Below you will find basic information about child support and paternity in Nevada.
- Can I file for child support even though I don't have a custody order from court?
- How is paternity (legal fatherhood) established?
- How will the amount of child support be decided?
- I was supporting my children by myself before I filed for child support. Can I get child support for that period of time?
- Can I get alimony (financial support) from my spouse as part of a divorce?
Can I file for child support even though I don't have a custody order from court?
Yes, as long as the child is physically living with you. If the petition is against the child's father, paternity must be established (even if there is no legal custody order). To read about the definition of paternity and how to establish paternity, go to How is paternity (legal fatherhood) established?
How is paternity (legal fatherhood) established?
The first thing that needs to happen before filing for child support is that the biological father needs to be recognized as the "legal father." This is known as "establishing paternity."
If you were married or widowed when you gave birth to your child, then your husband is automatically considered to be the child's legal father (and paternity is automatically established). If you were unmarried when you gave birth to your child, paternity can be established in two ways:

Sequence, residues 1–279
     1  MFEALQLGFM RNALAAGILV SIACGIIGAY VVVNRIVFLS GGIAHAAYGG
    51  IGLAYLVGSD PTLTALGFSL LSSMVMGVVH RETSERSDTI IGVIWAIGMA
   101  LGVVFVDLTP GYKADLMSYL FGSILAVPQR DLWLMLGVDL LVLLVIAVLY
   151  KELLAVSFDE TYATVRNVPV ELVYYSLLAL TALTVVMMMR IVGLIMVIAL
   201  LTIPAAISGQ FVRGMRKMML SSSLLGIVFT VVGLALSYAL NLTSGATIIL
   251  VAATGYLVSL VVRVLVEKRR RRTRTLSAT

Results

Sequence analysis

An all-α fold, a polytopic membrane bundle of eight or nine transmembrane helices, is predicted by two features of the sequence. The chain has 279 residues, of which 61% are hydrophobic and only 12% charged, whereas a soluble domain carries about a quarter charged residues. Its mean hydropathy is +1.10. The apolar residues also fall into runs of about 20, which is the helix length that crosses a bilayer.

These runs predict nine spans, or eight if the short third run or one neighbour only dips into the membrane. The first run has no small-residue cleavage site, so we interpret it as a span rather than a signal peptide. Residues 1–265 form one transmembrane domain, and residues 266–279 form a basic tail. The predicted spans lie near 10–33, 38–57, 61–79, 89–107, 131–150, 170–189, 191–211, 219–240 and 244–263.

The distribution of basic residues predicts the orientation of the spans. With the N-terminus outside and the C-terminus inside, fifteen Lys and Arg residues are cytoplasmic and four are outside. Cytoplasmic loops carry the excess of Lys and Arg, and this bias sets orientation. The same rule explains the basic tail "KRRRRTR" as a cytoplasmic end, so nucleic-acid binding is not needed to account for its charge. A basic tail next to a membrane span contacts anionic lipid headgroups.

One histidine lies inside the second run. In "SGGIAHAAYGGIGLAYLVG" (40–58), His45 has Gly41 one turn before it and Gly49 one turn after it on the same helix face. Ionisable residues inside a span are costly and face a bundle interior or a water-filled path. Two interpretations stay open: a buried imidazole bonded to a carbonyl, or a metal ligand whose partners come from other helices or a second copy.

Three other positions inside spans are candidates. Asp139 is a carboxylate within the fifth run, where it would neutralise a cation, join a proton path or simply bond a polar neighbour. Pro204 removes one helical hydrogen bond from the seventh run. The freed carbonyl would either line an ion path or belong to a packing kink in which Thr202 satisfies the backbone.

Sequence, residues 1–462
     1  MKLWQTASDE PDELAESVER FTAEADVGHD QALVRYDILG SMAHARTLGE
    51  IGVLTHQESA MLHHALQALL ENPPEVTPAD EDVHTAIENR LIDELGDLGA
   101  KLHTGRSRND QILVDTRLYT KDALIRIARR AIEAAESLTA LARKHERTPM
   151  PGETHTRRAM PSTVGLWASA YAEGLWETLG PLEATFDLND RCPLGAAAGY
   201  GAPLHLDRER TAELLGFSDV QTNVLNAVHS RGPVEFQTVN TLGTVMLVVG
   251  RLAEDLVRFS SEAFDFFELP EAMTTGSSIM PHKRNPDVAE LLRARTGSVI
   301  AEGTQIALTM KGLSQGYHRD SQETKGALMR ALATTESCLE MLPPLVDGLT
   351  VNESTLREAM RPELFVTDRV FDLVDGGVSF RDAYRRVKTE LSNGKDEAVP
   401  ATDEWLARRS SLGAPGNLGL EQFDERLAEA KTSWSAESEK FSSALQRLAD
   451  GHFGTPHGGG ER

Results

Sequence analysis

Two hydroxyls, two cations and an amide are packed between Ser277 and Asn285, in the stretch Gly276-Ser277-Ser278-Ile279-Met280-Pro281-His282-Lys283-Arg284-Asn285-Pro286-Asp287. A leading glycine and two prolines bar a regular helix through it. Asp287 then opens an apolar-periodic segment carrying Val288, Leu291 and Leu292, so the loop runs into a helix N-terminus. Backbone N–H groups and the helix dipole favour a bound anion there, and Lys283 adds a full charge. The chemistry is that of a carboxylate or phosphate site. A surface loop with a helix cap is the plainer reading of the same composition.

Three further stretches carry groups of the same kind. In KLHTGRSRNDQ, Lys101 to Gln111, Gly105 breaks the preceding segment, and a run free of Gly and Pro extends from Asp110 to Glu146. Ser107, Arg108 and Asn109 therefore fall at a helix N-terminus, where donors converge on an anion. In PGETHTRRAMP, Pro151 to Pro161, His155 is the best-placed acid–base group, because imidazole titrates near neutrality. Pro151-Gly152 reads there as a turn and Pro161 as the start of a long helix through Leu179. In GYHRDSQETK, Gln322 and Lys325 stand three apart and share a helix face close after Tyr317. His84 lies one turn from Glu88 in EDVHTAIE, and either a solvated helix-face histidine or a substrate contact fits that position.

1. You and the father can sign form called a "voluntary acknowledgement of paternity" that must be witnessed or notarized and then filed with the Bureau of Health Planning & Statistics Office of Vital Records. Most hospitals can help with this process or you can get the Voluntary Acknowledgement form directly from the Bureau. The father can sign an Acknowledgement of Paternity even if he is married to someone else.*
2. If the father refuses to sign the form, you can file a paternity case in court. Once in court, if the father denies paternity, the judge would likely order genetic testing (a DNA test). The court decides who pays for genetic testing; generally the father pays the costs.*
If you cannot find the father, your local Child Support Office can assist you. They should help you in identifying and locating the father. You do not have to be on public assistance to get help from the Child Support Enforcement Program.
For more information on how to file a paternity case, you can contact your local courthouse. Please see our NV Courthouse Locations page for the contact information of a courthouse near you.
However, establishing paternity can also give the father the right to file for court-ordered visitation or custody. If this is a concern of yours, you might want to talk to a lawyer before filing a paternity case. To find a lawyer in NV, go to our NV Finding a Lawyer page.
* This information was adapted from the Nevada Department of Health and Human Services website
How will the amount of child support be decided?
Nevada, like most states, has a formula that it uses for determining how much a parent should pay in child support. Although there are exceptions, judges will generally award the parent who has custody the following percentage of the other parent's gross income:
- for one child, 18 percent;